Tuesday, September 27, 2011

Flipping the Pastor Switch

As things wound down Sunday at Trinity Bethesda, it seemed totally normal.

In the morning, I sat and prayed in silence in the sanctuary with some of the dear saints of the church.  Afterwards, we talked, and shared, and laughed, just like we always do.

In the afternoon, the contemporary worship service cranked up at 1:30 PM, just like it has of late.  There were some faces I hadn't seen in a while, but it was pretty much a normal service.  Well, actually, I thought it was a really great service, probably because I'd gotten to request every one of the songs, their pacing, and the duration of the service.  It's hard not to like something that has been lovingly prepared just the way you like it.

We had a brief housekeeping congregational meeting, and by brief, I mean less than five minutes.  Any Presbyterian meeting that runs for less than five minutes is a blessing from the Lord.

Afterwards, the fellowship meal was abundant, but all vegetarian.   Hmmm.  It's never all vegetarian.   Must be something up.  Then there was chatting, and leave-taking, and a quick run with an elder to the food bank with all the food I'd asked folks to bring in to mark the day.

I came back, geared up, said another few farewells, fired up my motor-sickle, and rolled on out of there.  That was that.

And now, after almost eight years, I'm not the pastor there.  C'est tout.

Yet in this era of social media, I'm not planning on losing contact.  Why would I?  I'm not going to cull my Facebook, do a bunch of Twitterblocking, and relegate a bunch of folks to my Untouchable circle on GooglePlus, or worse yet, to the eternal yawning Sheol of LinkedIn.

Many blogging pastors I've read anguish about how to manage this transition.  How do you maintain distance?  How do you make space in that community for the new pastor, if everyone from your old congregation is still aware of everything you do online?  How do you make space for the new relationships and responsibilities that will arise as you move on, if the life-wind of the community still whispers through your social forest?  Or something like that.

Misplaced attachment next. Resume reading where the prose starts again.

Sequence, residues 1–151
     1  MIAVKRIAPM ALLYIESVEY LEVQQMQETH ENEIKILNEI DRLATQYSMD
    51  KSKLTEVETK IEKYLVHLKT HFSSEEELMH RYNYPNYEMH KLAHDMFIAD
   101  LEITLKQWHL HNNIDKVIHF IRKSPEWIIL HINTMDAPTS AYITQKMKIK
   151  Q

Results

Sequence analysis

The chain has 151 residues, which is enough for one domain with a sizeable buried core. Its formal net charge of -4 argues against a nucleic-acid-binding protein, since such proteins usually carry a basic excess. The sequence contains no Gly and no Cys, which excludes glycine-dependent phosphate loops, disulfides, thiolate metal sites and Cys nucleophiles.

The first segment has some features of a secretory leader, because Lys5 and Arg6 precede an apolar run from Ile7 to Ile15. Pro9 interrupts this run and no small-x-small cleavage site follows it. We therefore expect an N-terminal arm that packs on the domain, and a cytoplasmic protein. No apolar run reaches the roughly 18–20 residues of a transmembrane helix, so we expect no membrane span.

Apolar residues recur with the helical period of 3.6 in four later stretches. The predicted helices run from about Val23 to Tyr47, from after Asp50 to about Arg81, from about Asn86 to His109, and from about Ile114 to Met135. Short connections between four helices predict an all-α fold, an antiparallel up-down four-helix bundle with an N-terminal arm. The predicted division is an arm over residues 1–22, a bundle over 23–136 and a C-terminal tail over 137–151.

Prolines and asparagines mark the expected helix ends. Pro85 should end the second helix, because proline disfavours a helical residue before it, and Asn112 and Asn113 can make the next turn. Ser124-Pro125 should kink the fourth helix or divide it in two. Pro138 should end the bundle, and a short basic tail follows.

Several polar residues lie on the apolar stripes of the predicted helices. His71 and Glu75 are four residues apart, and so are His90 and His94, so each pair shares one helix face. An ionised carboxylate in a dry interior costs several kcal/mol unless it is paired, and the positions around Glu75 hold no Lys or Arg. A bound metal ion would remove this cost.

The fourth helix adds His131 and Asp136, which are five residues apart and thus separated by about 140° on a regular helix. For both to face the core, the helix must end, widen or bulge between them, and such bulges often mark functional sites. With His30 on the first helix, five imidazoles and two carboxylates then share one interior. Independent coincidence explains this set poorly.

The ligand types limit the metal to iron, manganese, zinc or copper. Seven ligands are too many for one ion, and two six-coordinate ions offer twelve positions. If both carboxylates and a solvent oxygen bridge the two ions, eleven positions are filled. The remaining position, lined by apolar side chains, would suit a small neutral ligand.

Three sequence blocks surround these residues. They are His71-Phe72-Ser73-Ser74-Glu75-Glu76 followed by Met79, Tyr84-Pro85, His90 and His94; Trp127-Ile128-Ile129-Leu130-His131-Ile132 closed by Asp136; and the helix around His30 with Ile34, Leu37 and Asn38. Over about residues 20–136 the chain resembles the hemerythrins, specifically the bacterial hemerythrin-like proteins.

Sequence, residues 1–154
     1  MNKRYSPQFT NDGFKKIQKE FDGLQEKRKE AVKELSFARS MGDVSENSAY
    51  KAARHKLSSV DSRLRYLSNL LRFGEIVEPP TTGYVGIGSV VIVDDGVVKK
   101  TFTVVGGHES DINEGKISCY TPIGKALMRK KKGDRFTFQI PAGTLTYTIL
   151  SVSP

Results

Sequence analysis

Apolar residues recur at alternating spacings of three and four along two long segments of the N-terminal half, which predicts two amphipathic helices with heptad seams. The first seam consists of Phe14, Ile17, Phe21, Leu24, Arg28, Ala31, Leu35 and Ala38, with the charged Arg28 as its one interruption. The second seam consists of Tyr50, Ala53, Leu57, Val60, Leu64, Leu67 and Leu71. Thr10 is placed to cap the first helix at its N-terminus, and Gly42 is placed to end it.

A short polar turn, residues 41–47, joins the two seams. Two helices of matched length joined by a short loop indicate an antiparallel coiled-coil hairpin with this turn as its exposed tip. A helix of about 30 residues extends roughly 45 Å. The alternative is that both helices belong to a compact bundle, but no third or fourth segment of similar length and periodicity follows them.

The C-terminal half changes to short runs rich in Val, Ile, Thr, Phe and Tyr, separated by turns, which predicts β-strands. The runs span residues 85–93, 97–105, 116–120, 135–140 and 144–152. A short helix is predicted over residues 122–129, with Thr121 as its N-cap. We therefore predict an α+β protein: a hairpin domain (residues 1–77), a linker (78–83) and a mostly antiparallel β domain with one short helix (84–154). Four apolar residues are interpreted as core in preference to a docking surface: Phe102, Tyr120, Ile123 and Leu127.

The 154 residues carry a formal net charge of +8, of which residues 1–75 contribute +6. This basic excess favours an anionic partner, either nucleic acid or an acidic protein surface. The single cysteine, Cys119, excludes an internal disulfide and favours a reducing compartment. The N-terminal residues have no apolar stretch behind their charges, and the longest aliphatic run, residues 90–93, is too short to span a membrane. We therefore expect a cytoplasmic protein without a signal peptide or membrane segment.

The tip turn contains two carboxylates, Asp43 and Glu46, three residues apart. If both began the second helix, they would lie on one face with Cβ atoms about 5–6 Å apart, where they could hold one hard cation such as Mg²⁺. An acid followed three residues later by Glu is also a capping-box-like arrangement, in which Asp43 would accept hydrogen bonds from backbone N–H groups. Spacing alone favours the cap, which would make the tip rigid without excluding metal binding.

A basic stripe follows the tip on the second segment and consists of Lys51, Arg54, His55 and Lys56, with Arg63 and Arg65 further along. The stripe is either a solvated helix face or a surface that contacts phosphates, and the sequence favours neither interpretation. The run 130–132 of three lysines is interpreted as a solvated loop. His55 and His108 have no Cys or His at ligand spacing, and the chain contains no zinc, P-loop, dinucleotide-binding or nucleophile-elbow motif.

Honestly, it doesn't seem that hard.  Just stop being the pastor.  Click.  It's off.

I'm not there leading worship, or thinking about the dynamics of worship, or preparing sermons.  I'm not teaching Bible study, or planning bible study.  What happens with the facility is not my concern.  If the roof is leaking?  Not my problem.  Stewardship?  Not my headache.  Planning and implementing service, mission, and outreach?  That's not my department.  Evangelism?  They'll handle that just fine.  After a few days, that compulsive itch to check my iPhone for emails on the now-deleted church account will fade.

The organizational component of de-pastor-fication is easy.

The relational and spiritual component is trickier.  If I really liked you yesterday, that's not going to change today.  If I felt a deep spiritual kinship with you yesterday, that's not going to change today.

And honestly, it doesn't need to change.

The only difference is that I'm no longer your pastor, just a friend who was once your pastor.  If you pitch me a Facebook message with a question, I'm not going to blow you off, any more than I would a friend.   Want coffee or lunch?  Can do, mon ami.  Getting married?  Getting buried?  I'll be there if able, as a friend would be.  But no way no how am I going to let that connection get in the way of whoever is being called by God to teach and preach and nurture and lead you next.

Pastors who do crush the life out of the future of a ministry.   And many do hold on, driven by a compulsive need to be needed that burns like an unquenchable fire in the egos of many who find themselves in the pastorate.  There's a time to turn it off, just as there is a time for all things.

I don't expect I'll need to work hard to do that.  It's been a very deliberate leave-taking from that role, as gentle and quiet as I could make it.

And now, onward and upward.